REGINA & SASKATOON
Two young church plants, Grace Fellowship in Saskatoon and The Compass Church in east Regina, are already planting new churches. This year, four-year-old Grace launched a campus in Warman, Sask., and five-year-old Compass started services in north Regina.
How is that possible?
The secret is in their structure. Both congregations are made up of smaller groups, each with their own leadership and personality. What we call “a ‘gospel community’ isn’t a Bible study or a meal or prayer meeting or counselling session – it’s all those things and more,” says Grace pastor Murray McLellan. “It functions like a team of missionaries.”
It’s not a big step from gospel community to church plant. The 60 members of Grace’s three gospel communities in Warman began gathering locally instead of driving to the Saskatoon gathering – which was becoming crowded. Grace began the Warman services in the evenings, so the two locations could share sound equipment until they have funds to duplicate.
The leaders were already in place: each gospel community has a leader who does the work of a pastor, says McLellan, “and as their gifts are realized, we give them financial support, so they can take time away from their day jobs.” Warman gospel community leader and planting apprentice Mark Janzen also works for a construction company. With the exception of McLellan, who left part-time teaching to pastor full-time in 2013, all Grace’s leaders are bi-vocational.
But planting isn’t without challenges: Grace Saskatoon sent all but one of their music leaders to Warman. “God tells us to give our best,” says McLellan, “In some ways, this is a fresh start for both congregations.”
In January, they began renting Warman’s Legend Centre Theatre, a community hub housing a hockey arena, soccer centre, multipurpose rooms, restaurant, middle school and a 430-seat performance theatre. Families attending hockey practice have heard Grace’s music and dropped in to the service.
But the Sunday service isn’t the focus. Gospel communities are where “people meet the church.” Members bring their friends and their gospel community together; for example, by asking their gospel community to volunteer for their lacrosse team’s carnival or to help build a neighbour’s deck. Before someone ever visits a service, Grace hopes they have already been the recipient of an act of service.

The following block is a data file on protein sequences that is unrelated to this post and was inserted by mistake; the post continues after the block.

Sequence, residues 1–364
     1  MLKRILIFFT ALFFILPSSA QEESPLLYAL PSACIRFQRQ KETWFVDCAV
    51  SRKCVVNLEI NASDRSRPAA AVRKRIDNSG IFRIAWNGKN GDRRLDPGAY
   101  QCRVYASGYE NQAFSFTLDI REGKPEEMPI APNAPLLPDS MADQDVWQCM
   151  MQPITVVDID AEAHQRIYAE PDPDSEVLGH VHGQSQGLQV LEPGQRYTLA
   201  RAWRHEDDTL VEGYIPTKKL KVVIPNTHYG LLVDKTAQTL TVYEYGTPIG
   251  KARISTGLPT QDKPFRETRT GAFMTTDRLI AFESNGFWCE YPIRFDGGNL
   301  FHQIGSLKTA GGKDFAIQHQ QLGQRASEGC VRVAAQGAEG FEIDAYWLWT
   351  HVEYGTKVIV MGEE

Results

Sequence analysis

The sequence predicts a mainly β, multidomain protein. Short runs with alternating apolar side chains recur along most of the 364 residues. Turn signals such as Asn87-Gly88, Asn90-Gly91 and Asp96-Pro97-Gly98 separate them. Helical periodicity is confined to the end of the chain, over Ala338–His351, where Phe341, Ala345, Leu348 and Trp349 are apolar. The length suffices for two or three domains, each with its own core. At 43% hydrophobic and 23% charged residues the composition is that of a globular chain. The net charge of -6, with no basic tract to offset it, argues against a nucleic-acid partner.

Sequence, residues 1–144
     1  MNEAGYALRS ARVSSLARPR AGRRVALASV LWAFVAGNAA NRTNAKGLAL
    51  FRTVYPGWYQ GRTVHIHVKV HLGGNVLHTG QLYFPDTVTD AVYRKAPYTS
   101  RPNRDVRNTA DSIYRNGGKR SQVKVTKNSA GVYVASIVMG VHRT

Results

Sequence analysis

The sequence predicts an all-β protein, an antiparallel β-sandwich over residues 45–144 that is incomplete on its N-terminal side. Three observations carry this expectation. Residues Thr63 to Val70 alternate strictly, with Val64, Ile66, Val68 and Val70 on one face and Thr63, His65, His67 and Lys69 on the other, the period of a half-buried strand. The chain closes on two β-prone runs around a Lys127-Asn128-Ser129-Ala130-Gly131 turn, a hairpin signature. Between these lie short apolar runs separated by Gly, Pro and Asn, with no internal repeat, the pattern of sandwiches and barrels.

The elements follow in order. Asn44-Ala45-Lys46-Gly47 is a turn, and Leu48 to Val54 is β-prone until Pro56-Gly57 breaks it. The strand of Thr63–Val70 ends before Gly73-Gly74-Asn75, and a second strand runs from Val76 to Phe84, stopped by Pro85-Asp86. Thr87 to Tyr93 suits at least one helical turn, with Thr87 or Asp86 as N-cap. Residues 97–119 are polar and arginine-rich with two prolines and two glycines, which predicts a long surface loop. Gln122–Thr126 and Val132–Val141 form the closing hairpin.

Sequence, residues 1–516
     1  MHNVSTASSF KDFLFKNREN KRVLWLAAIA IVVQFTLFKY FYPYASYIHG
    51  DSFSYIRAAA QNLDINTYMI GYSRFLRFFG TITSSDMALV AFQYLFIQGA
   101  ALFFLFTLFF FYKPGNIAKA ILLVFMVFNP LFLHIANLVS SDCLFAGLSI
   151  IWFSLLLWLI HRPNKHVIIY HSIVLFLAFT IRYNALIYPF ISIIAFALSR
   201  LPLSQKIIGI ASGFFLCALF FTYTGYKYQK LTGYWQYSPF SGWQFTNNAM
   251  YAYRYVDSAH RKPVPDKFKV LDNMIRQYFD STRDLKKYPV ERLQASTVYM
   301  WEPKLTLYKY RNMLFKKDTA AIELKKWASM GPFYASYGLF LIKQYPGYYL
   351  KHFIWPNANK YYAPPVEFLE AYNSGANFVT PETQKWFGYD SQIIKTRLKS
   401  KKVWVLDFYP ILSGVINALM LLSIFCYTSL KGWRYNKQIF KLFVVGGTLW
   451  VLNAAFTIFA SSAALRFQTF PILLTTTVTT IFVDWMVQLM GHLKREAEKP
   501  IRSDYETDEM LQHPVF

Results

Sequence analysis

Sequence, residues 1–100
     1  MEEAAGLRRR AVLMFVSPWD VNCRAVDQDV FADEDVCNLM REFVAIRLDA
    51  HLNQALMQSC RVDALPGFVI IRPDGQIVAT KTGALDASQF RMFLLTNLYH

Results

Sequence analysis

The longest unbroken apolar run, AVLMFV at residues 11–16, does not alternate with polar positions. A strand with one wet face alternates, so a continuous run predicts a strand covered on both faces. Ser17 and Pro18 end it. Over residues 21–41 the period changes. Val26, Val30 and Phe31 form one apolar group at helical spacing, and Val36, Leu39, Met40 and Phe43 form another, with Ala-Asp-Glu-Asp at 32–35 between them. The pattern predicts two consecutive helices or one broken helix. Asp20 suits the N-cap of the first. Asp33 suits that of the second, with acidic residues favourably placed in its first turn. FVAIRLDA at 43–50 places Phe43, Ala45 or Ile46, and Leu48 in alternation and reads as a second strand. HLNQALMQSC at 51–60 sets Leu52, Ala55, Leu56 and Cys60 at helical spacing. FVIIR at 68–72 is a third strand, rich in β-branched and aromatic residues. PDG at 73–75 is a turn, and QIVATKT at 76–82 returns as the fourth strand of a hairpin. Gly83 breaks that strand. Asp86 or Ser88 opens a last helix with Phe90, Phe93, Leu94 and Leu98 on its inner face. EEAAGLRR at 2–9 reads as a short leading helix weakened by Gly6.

In Warman, someone has already made a profession of faith. “People have been praying for another church to start in Warman,” says McLellan.
“Churches once assumed that if we plant our flag, people would wake up on a Sunday and come to us,” says Compass pastor Blair Allen, but there’s been a cultural shift. “Now we’re saying, ‘How can we take the good news to their soccer fields and theatres?’”
Like Grace Fellowship’s gospel communities, Compass’s missional communities are outward focused: they serve in seniors’ homes and start conversations in coffee shops. At Compass, “we are the church, and gathering on Sunday is only part of what that means,” says Allen. “We’re asking: What does it look like to go from being attenders to missionaries?”
In March, about 50 of Compass’s 200 “missionaries” began worshipping together on Sundays at a school in north Regina. North Regina’s “core team” has been meeting for a year learning the church’s DNA with planter Luke Etelamaki; they’ll continue as leaders in the new church. A separate “launch team” commits to running the service for the first three to six months, while training new leaders to take their place.
From its beginnings, Compass has developed leaders for future church plants and saved funds in a church planting account. Both North and East plants will continue giving back into fund for the next plant, which Compass expects to grow from a missional community already meeting in southwest Regina.
“Our stats show 70 percent come on to church the arm of a friend, and 11 percent through social media engagement,” says Allen, but the goal isn’t to get someone to church and let the pastor take over. “We want to train people to disciple the friend they’re bringing.”
A lot of people at Compass are returning to church after being turned off in their youth, others are new to exploring faith. “Many people are engaging weekly with the gospel through Compass,” says Allen, “even if they’ve never been to our church.”